Many seek to rationalize their behavior by stressing that they are lobbying vigorously behind the scenes and maintain that public criticism of Obama would encourage him to become even more extreme.

This is the classic Diaspora approach of the “Trembling Israelites.” It has been proven wrong in the past and American Jewish leaders, to their credit, were always robust and outgoing in exercising their democratic right to promote the Jewish standpoint. We have learned over the years that while shtadlanut (silent diplomacy) is indeed necessary, it can only be effective when backed up by a public campaign.

At this crucial turning point in the relationship with Israel, my real concern is that American Jewish leaders are simply fearful of directly confronting the president and that the allegedly powerful Jewish lobby lacks the backbone to stand up and be counted.

The absence of direction and leadership has already resulted in further erosion as displayed by Gary Rosenblatt, the respected editor of The New York Jewish Week, who produced an editorial titled “Bibi takes on the world” blasting Netanyahu for confronting the “leader of the free world” and “jeopardizing Israel’s relationship with its most important allies” for electoral reasons. Rosenblatt is a Zionist and a courageous and outspoken journalist. Only two weeks earlier, he had penned an editorial, “Blaming Israel isn’t the answer,” castigating the global anti-Israeli tsunami.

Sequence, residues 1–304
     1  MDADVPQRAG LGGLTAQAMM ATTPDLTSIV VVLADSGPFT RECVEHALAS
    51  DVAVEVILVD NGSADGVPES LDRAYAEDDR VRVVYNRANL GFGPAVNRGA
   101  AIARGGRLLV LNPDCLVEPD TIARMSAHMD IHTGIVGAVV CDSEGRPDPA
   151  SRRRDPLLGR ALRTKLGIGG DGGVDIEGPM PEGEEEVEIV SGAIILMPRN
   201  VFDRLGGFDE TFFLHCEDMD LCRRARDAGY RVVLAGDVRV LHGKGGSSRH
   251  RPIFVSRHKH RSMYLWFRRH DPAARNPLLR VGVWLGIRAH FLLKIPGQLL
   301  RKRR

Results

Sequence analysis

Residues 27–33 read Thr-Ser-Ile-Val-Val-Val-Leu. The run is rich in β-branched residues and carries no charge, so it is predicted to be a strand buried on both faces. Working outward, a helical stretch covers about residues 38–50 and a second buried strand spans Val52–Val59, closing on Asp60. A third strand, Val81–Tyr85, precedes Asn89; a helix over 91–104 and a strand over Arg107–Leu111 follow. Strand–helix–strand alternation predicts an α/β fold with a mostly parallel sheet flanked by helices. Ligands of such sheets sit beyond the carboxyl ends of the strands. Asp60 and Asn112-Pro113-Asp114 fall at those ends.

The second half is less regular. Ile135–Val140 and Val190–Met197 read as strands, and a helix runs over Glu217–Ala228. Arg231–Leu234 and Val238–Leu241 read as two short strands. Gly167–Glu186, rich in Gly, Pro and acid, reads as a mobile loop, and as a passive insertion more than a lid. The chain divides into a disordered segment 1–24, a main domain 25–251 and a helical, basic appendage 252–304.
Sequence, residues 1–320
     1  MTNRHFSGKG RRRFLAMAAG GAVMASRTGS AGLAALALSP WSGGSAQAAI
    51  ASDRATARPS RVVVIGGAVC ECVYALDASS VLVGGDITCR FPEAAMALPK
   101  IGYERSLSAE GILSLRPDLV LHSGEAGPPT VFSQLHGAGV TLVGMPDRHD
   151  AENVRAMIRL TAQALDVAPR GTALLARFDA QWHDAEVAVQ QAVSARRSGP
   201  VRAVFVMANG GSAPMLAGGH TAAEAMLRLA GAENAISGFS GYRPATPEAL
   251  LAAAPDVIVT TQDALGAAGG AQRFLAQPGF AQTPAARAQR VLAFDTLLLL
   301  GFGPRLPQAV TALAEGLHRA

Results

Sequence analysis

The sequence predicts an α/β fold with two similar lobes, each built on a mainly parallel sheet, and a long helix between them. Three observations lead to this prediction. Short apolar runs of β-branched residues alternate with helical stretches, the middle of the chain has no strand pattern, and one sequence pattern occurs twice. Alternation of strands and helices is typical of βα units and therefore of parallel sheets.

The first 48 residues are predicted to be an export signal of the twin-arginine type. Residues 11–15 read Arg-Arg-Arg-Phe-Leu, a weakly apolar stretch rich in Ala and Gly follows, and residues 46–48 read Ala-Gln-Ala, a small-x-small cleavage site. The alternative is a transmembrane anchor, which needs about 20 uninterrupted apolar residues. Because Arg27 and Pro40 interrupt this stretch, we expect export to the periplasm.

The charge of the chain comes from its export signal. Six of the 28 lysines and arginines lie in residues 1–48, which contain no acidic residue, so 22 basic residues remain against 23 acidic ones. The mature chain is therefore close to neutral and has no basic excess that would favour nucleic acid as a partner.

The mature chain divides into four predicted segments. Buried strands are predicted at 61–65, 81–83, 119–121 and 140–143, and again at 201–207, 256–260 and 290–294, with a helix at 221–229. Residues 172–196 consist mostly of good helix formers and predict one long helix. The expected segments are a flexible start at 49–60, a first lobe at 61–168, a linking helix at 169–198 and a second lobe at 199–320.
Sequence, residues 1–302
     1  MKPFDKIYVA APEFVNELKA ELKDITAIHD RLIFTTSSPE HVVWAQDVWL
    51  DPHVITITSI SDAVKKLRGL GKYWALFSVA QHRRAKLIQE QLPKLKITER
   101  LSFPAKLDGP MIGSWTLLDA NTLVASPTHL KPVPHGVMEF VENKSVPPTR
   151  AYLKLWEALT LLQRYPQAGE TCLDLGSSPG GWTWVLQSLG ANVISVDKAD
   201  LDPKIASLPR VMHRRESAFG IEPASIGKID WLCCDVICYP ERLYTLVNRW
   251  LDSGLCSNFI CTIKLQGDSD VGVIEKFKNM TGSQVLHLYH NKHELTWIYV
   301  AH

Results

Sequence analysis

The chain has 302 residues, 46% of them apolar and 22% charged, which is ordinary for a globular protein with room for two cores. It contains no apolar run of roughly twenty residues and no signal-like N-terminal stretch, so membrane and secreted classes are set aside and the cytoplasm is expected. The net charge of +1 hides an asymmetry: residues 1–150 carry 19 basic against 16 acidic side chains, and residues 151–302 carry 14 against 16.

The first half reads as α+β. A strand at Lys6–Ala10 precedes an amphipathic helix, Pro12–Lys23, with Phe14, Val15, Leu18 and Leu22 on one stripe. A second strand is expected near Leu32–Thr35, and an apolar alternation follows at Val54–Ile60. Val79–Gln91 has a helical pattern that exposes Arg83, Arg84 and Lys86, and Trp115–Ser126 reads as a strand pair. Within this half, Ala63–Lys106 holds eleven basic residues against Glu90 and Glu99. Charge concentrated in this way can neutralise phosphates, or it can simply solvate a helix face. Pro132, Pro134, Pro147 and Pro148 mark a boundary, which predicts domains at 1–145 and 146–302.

But his latest editorial was unfair and extremely damaging. The Jewish Week was founded by the Jewish Federations, and Rosenblatt conceded to Jeffrey Goldberg of The Atlantic (who exposed the “chickenshit” comment) that in the past there would have been “hell to pay in the community” for such an editorial on Israel, but now “that is no longer the case.”

Goldberg cited the editorial as evidence that Jewish leaders were “uneasy” about Israel’s direction. He referred to discussions by unnamed Jewish officials questioning Netanyahu’s policies. He went on to state that Israel should be trying to “negotiate in good faith” with the duplicitous Abbas and impose a settlement freeze on Jerusalem and the settlement blocs until such time as negotiations with the Palestinians have clarified which territory will remain within Israel. Needless to say, pigs will fly before the Palestinians agree to such an accommodation.